‘Having it all’ has become a popular concept in modern life. The idea that you can progress in your career to be a consultant or GP partner, earn a six-figure sum, have a happy marriage with the production of several well-adjusted children, still give dinner parties and read the journals every week might seem a little far-fetched to most of us.
If you want to succeed, you have to plan. Many female doctors in training or in the early years of partnership are at the stage in life when they start thinking about all things baby related, and being in their late twenties or early thirties, they realise that their biological clock is ticking. There are pros and cons of having a baby at different stages of your career.
The registrar year
The registrar year has become a very popular time for reproduction. You are the right age, you are supernumerary, in theory at least, so your going off on maternity leave should not disrupt the team too much.
You are required to complete your traineeship, so your trainer is obliged to take you back, however inconvenient this may be for him or her. With some planning, it is possible to fit more than one full-term pregnancy into one registrar year — and this has actually been achieved.
First, check your contract of employment. These are standard nowadays, and you should find that your rights are broadly in line with the NHS scheme.
To qualify for benefit, you must have 12 months’ continuous NHS service, without a break of more than three months, immediately before the start of the 15th week before your estimated delivery date (11th week in Scotland).
You are entitled to 26 weeks’ paid maternity leave, consisting of eight weeks full pay, 14 weeks’ half pay and four weeks’ statutory maternity pay or maternity allowance, whichever applies. This differs from NHS provision, under which you would have eight weeks’ full pay and 18 weeks’ half pay.
Your 52 weeks can, of course, be taken at any time, and most people start their leave as late as possible.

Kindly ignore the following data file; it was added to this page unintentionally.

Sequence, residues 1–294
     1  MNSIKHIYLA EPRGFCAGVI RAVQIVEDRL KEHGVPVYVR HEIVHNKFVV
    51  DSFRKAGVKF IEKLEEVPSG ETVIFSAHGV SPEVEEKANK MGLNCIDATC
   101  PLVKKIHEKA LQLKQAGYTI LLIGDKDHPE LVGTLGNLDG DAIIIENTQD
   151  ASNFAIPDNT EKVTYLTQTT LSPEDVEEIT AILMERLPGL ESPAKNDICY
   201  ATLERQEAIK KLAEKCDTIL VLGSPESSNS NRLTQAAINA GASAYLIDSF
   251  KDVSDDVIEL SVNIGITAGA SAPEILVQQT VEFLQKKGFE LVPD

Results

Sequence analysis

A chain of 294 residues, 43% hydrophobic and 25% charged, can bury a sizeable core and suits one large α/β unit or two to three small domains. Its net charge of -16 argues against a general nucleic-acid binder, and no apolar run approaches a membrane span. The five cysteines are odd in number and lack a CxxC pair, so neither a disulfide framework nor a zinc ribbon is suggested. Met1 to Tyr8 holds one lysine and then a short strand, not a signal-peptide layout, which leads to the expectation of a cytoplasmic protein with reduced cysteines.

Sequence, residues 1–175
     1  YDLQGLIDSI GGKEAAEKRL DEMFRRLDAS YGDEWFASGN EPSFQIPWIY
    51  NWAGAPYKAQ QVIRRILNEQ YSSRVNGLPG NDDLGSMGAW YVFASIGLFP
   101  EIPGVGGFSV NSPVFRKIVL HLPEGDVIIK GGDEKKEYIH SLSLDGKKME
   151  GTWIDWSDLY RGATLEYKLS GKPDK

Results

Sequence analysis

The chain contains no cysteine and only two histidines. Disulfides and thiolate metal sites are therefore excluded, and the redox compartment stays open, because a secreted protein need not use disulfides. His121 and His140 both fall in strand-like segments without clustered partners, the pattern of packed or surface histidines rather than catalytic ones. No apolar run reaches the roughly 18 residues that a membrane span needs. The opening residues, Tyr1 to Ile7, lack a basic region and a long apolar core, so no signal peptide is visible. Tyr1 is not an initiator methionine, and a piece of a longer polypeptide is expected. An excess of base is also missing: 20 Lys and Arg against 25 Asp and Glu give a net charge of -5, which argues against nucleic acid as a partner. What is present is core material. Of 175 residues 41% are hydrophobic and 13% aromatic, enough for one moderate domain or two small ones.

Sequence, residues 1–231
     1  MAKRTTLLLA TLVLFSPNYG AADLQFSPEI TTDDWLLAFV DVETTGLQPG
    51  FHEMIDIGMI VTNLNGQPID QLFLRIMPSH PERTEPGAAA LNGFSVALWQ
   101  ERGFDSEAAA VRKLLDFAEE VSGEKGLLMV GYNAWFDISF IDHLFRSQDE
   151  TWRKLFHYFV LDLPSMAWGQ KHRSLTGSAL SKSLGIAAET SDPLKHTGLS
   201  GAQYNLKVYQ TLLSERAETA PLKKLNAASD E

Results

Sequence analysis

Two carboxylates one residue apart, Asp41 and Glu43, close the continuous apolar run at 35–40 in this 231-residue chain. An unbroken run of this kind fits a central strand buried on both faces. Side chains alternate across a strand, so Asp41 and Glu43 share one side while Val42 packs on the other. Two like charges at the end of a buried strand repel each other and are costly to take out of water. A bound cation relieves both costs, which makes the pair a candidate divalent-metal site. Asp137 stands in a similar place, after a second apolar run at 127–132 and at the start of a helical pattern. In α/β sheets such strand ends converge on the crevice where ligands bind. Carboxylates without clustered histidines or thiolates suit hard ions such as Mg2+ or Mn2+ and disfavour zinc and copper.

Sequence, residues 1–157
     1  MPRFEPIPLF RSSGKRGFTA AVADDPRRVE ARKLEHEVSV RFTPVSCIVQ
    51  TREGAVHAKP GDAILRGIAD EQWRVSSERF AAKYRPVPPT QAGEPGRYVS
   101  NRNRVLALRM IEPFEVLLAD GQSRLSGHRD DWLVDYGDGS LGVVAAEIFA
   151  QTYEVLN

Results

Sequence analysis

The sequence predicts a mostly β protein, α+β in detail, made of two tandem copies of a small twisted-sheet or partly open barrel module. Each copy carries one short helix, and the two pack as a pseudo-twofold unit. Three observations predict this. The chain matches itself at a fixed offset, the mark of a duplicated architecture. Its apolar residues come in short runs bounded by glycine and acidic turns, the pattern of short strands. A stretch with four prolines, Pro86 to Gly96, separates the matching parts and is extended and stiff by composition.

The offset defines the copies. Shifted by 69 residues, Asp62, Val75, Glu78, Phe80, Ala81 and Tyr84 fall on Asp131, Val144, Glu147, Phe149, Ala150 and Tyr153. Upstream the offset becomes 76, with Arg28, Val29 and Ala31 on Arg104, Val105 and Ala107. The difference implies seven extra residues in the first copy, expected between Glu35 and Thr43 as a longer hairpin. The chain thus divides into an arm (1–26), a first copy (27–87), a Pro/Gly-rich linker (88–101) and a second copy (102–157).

Remember, however, that trying to work when you can hardly fit behind the steering wheel requires single-minded determination — and a large car.
As a salaried GP, your rights are similar. If you are employed by a GMS practice or primary care organisation (PCO), you should have a contract that is in line with that negotiated between the BMA and NHS Confederation, allowing you the same provision as a GP registrar. The allowances for both registrars and salaried doctors differ from those for NHS staff because they have not been updated in line. The BMA suggests that, as a salaried doctor, you should negotiate with your practice to give you the same rights as your hospital colleagues.
Partner in a practice
As a partner in general practice, there are other issues to consider. Not so many years ago, no well-organised practice would have taken on a woman if there was even a hint of fecundity about her. When I joined my present practice, there was not even a maternity clause in the practice agreement.
Nowadays, many of our applicants are bright young women who may well want to reproduce, which is as it should be. Having said that, it has to be conceded that pregnancy in a partner comes at a cost to the remaining doctors — both financially and in workload, because a locum will never fully replace a partner.
As a partner you will continue to receive your partnership share. The partnership will be eligible to receive an allowance from the PCO to help with the cost of locum payments, and in some cases a higher-rate discretionary payment is available. This should be researched before you embark on a pregnancy. Failure to attract a sufficient sum should not stop you, but it is helpful to let your partners know their position.
There will be an expectation that you return to work after 52 weeks, and this can be the most difficult part. Working a 10-hour day, organising childcare and running a household demand a very helpful spouse and a superhuman amount of energy.
You may decide that you want to reduce your hours, and again this is something you should at least mention to the partnership early on.